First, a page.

Kate Rowland, creative consultant at Red Planet Pictures and former creative director of new writing at the BBC, discusses the challenges of developing new writers for television as Red Planet seeks submissions for the latest round of its writing competition.
Television drama is more popular than ever; a creative medium that continues to evolve and innovate. As platforms proliferate and broadcasters ring-fence their drama output, it would appear that this is a great time to be a television writer. But how big a challenge is it for someone to break through? How do they make their idea stand out and persuade a commissioner to take a risk on their project?
In the current climate channels are more likely to focus their money and attention on writers they trust – experienced talent with a track record of producing drama that makes standout television like Chris Chibnall’s Broadchurch or Sally Wainwright’s Happy Valley.
There is a genuine appetite for stories and characters that capture our imagination and make us look at the world in a fresh way. As a writer, you need to not only write a brilliant script but also to understand the art, the craft and the business of being a writer. You need to be relevant and resonant. In a complex market where drama is expensive, broadcasters have to balance the needs of the UK audience along with the potential of coproduction deals to serve a global market and reach international viewers. There is no doubt that it is a demanding landscape to cut through and get that first original commission.
However, the UK has an incredibly engaged industry, where producers and commissioners recognise that television is a writer’s medium. They are interested in the next generation of talent and want to find ways to support, nurture and mentor writers who can gain experience from open competitions and targeted shadow schemes offering training and commissions on the big returning shows. You have to think what best suits you, look at the kind of stories and worlds you want to create and see whether you are the right fit.
Many of our most exciting writers have written across platforms, for the theatre, radio and film, alongside their TV output. You only have to look at the likes of Mike Bartlett (Doctor Foster) and Jack Thorne (Kiri, pictured top), both of whom I gave first radio commissions to. Don’t pigeon-hole your talent or your ideas too early on, as online and social media have opened up a whole new arena of potential digital platforms for new drama.
Red Planet Pictures’ Red Planet Prize is a great example of how new talent can be uncovered by commissioners and producers. Launched in 2007, the prize is searching for emerging writing talent who can create fresh and inspiring popular drama content, and this year is being held in partnership with ITV Drama for the first time.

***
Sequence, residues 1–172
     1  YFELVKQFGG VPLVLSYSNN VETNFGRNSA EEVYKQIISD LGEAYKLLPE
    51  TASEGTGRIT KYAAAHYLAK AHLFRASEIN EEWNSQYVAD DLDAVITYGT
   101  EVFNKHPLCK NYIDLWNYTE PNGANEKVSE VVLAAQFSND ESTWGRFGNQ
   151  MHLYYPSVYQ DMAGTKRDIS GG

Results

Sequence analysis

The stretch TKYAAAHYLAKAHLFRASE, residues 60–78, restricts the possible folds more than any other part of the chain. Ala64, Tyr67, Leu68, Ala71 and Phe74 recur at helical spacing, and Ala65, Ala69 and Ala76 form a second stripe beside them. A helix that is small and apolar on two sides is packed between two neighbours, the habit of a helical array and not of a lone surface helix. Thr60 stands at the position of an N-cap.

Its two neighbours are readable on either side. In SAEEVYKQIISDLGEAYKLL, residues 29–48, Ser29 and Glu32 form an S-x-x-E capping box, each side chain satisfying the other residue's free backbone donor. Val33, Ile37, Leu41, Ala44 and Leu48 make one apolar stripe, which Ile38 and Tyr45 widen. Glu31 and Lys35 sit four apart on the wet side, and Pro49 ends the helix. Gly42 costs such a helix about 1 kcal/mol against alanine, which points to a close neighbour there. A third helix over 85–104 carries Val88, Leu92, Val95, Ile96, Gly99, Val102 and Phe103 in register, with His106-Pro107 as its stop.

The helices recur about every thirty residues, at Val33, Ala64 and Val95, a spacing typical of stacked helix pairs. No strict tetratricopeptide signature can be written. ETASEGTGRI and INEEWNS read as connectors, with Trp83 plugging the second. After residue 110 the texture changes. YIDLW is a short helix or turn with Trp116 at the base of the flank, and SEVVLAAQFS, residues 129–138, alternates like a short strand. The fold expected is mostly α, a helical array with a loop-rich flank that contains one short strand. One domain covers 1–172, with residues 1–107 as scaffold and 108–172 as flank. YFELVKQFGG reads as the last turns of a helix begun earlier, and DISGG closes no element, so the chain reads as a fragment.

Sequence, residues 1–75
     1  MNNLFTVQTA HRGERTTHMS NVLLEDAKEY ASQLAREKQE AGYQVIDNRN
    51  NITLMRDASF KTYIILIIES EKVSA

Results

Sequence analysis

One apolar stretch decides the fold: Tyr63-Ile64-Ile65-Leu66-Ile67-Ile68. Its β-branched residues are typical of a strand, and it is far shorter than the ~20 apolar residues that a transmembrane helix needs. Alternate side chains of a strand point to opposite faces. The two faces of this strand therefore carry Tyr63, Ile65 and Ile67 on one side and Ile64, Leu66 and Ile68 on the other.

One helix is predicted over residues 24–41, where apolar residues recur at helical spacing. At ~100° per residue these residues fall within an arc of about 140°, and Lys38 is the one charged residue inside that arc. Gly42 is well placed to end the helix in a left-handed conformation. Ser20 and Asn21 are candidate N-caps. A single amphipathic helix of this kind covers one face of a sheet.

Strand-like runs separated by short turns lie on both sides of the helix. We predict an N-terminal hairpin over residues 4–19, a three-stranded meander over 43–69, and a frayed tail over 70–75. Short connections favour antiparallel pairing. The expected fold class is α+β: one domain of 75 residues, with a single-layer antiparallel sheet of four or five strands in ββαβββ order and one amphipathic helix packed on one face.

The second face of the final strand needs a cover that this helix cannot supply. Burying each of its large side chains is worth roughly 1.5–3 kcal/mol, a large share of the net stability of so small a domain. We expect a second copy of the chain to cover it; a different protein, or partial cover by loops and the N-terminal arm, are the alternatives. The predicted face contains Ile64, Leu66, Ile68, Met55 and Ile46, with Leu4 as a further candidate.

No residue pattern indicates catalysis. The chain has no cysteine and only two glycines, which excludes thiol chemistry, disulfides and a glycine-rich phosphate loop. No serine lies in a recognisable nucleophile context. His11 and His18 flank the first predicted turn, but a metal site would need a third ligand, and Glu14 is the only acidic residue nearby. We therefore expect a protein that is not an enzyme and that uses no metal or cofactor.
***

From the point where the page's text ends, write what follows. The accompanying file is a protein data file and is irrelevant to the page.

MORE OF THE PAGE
The prize offers shortlisted writers a unique, ‘money can’t buy’ invitation to take part in a masterclass, giving finalists the opportunity to network with established television writer Tony Jordan (Life on Mars, Hustle, Dickensian) and ITV commissioners Polly Hill and Victoria Fea, who, along with actor Adrian Lester (Trauma, Spooks), make up the judging panel. Along with key executives and script editors from both Red Planet and ITV, the shortlisted writers will have time to hone their pitch and develop the series potential of their idea. The winner will get a script commission and development opportunities with ITV.
Previous finalist Robert Thorogood created the BBC1 smash-hit series Death in Paradise, now starring Ardal O’Hanlan and produced by Red Planet Pictures, which is currently airing its seventh season and has been recommissioned for an eighth run next year. Last year’s winner Tom Nash is developing his winning series, Percentages, and has been commissioned to write on the eighth season of Death in Paradise – his first professional engagement.
Alongside The Red Planet Prize, I recommend that writers keep across the different opportunities on offer in the UK from the BBC, Channel 4 and Sky, as well as those promoted by independent companies. Recently Sister Pictures and Kudos North both hosted new schemes.
Professional bodies such as Creative Skillset and the British Film Institute are also a great place to look for advice and inspiration. These tailored schemes bring work to the experts where development is tailored to the needs and wants of that organisation. There is no better place than BBC Writersroom to find out about the creative business of being a writer.
Over the years, I have read thousands of scripts and I am acutely aware when someone has that indefinable thing called talent. But how that then translates into a commission is more complex. Personal taste also plays a part and affects the way your script is received. It might be well written but lack originality, compelling narrative or a big idea that makes the story complex and rich. Can the idea sustain more than one episode? Is it distinctive enough to engage an audience? Will anyone care?
There are always several questions that need to be answered, firstly by you, the writer, about what drives your characters and their story, and then by the reader. Be aware of the innovations happening on the digital platforms. Remember, content is king so think carefully about where your drama starts its journey and how you can develop it from there. Never underestimate the importance of a great calling card script – that’s what grabs the attention. Once people are interested in you, you can pitch them your killer idea. Be passionate and be thoughtful. Write what you want to see and have more than one good idea.
Submissions for Red Planet Prize 2018 are being welcomed until Monday, February 12 2018 via the Red Planet Pictures website. The winner will be announced in summer 2018.